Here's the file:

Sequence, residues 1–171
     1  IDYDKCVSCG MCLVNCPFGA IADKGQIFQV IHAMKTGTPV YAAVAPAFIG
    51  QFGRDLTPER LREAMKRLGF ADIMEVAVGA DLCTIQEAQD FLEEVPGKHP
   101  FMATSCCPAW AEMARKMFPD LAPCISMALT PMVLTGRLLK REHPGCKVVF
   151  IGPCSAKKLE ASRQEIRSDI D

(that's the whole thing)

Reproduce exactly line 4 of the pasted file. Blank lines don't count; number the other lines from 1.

   101  FMATSCCPAW AEMARKMFPD LAPCISMALT PMVLTGRLLK REHPGCKVVF